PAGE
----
4 SEO Tips To Manage Seasonal URLs, Links, Content

by , Staff Writer @lauriesullivan, January 18, 2017


URLs would live forever in a perfect world. Now that the end-of-year holidays are over, take responsibility for removing seasonal content. URLs accumulate equity from backlinks, but soon Thanksgiving Day table decorations are no longer useful to consumers searching on sites for Valentine’s Day gift.

Google and Bing now require marketers to have a new level of sophistication and attention to details and user experience to push ahead in the search rankings for 2017.

The more details marketers can give search engines about content, the more likely the engines — Google and Bing — are to serve the correct pages from Web sites. Marketers need to take consumer behavior shifts into account.

Merkle, in a recent white paper titled The Fundamental Guide to Search in 2017, explains how marketers should organize and optimize seasonal pages “to conserve value for seasonal pages year after year and to preserve the customer experience even after a page expires.”

Rather than building new pages for seasonal products and categories each year, repurpose old URLs aimed at Black Friday or Cyber Monday.

Merkle put together a checklist for ecommerce SCO, Here are four of the many tips

Tip 1:  Remove internal linking from the site in the off season, but allow seasonal URLs to live year round. A few months prior to the next season, update your page with this year’s content and link to the page appropriately throughout the site. This strategy allows you to maintain backlinks to the page year after year. Search engines will already be familiar with your Valentine’s Day page and will have it indexed and ready to serve to searchers when you choose to update it for the coming year.

Tip 2:  Expiring content can anger consumers. For products that are out of stock and only temporarily gone, serve the page with a 200 status code and include out-of-stock messaging with backorder dates, if applicable. If a page is expiring, use a 301 redirect that points to a nearly identical page. Rankings currently applied to the expiring page would (hopefully) be picked up by the target page. Redirecting expiring content to a similar page also preserves the user experience since it is sending users to a near-similar piece of content.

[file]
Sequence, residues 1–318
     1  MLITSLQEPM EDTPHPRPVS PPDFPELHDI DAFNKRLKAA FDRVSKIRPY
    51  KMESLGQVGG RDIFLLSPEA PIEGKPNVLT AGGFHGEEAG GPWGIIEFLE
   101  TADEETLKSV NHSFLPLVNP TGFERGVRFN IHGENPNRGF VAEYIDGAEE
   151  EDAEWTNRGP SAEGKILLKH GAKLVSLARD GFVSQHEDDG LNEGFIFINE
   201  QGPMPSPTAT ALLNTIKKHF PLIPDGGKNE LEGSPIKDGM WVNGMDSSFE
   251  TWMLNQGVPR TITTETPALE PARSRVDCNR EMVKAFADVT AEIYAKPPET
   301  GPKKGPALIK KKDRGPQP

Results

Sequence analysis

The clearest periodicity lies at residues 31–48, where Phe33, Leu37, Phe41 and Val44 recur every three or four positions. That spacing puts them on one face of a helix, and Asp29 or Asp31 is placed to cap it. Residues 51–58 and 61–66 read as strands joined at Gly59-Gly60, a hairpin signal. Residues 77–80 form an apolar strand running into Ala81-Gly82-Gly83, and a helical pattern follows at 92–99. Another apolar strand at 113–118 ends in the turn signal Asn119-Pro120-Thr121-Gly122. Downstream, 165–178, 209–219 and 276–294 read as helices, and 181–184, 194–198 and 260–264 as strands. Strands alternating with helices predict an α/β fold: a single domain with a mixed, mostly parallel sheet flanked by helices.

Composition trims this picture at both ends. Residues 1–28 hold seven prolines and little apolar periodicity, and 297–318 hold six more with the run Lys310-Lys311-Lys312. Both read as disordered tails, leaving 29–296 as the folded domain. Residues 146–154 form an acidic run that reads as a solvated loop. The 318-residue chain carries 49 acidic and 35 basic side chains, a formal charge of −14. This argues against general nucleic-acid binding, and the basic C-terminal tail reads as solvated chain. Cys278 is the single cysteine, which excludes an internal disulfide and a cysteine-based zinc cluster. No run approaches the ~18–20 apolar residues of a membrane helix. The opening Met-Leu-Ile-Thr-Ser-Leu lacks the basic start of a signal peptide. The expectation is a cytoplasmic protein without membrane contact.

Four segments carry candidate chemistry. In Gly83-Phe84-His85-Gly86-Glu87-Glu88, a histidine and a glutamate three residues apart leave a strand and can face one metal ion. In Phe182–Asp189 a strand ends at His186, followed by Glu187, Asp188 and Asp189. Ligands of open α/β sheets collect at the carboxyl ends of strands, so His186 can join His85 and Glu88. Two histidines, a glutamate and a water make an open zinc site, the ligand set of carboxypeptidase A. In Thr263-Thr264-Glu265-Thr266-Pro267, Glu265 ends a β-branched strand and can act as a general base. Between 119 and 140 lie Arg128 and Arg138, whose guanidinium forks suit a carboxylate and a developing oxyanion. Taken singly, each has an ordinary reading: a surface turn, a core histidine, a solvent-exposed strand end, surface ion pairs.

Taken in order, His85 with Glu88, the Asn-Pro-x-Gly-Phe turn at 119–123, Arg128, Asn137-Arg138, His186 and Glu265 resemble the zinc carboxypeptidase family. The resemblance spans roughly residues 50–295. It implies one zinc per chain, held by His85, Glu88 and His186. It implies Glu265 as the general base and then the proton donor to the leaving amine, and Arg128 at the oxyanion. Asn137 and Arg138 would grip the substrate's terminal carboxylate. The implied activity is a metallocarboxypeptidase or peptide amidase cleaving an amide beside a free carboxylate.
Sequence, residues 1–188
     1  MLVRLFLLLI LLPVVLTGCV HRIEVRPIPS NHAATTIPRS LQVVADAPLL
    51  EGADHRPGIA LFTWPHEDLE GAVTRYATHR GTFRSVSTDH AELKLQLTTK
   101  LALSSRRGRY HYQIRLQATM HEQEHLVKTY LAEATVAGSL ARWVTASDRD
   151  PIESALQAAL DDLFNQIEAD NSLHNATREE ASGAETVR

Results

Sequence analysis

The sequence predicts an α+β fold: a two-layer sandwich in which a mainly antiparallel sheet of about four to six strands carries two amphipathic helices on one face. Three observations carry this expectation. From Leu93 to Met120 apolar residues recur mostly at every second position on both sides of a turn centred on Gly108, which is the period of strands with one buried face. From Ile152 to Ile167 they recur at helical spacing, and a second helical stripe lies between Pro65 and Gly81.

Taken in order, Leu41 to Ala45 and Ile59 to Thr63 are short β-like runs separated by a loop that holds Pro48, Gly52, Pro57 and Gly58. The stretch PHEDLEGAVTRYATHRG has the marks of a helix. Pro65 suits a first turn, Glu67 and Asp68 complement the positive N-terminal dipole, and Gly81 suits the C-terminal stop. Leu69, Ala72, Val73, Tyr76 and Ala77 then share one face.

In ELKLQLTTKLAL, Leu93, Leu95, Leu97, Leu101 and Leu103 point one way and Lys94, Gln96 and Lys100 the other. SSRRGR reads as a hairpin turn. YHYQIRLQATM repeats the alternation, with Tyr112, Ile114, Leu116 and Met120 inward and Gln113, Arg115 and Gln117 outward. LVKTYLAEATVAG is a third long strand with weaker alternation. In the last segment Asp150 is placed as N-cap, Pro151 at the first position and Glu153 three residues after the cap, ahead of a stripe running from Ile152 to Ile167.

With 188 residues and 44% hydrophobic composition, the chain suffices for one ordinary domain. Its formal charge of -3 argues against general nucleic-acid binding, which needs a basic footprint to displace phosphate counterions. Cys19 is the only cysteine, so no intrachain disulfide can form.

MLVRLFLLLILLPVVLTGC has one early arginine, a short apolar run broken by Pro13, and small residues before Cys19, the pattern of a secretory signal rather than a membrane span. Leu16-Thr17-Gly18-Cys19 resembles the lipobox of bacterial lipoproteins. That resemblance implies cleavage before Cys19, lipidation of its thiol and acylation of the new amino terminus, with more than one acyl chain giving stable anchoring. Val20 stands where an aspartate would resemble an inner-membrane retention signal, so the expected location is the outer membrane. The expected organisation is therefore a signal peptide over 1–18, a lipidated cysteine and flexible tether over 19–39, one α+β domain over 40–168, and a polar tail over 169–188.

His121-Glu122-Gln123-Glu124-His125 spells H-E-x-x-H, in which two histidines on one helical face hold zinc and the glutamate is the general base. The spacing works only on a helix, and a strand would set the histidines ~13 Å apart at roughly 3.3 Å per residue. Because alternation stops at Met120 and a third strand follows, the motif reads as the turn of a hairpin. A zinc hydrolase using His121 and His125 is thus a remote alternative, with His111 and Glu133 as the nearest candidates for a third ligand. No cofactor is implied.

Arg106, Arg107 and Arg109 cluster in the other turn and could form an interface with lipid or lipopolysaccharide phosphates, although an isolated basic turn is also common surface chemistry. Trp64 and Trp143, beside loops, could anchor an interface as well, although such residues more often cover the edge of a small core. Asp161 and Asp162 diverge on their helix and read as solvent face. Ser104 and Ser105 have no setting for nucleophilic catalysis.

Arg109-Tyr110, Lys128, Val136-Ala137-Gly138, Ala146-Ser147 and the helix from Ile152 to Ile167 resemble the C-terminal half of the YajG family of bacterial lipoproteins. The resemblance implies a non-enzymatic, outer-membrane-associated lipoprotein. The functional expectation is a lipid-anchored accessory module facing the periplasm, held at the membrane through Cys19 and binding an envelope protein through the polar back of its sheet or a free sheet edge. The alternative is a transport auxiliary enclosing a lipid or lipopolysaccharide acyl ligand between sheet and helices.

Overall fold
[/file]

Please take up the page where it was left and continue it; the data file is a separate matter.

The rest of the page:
Tip 3:  Remember the Codes. Both 404 and 410 status codes communicate nonexistent pages, but remember they have different nuances. The 404 status code says that a page does not exist, but it may come back. Pages serving a 404 will be de-indexed eventually.

Tip 4:  Remove internal linking to seasonal pages and out-of-stock products in the navigation and throughout the site. This keeps users from navigating to those pages unnecessarily, and search engines from crawling them too frequently. Also remove out-of-stock products from XML Sitemaps.

Technology continues to evolve and so should a marketer’s strategies. It should come as no surprise that the forecast for this year cites mobile as a hugely important strategy. Mobile devices took responsibility for 48% of organic search visits in third-quarter 2016, per Merkle. Today, it accounts for more than 50% of organic searches, according to the agency.

While most responsive or adaptive sites should not need additional optimization for this continued shift, if brands have a separate mobile URL, they will want to consider Accelerated Mobile Pages (AMP).

The white paper also provides insight for mobile SEO. For a faster user experience, Merkle suggests moving to HTTP/2, which is the newest version of the Hypertext Transfer Protocol (HTTP) used to deliver content over the Web. It allows for multiplexing, server pushes, header compression, and more.

Look also into progressive web apps (PWAs), which delivers an app-like experience through a mobile browser. Local caching through PWAs provides users with faster load times and the ability to browse offline.

Google’s ever-increasing focus on structured data is another trend to keep in mind when planning for 2017, per the white paper. The more ways marketers can give search engines details about the content, the more likely they are to serve your site for the proper queries. And that includes when serving answers for voice search.

Merkle says to give the search engines the details through structured data. The array of markup that can be used with structured data gives webmasters the tools to identify and lay out many different types of content so that search engines can accurately understand


MediaPost.com: Search Marketing Daily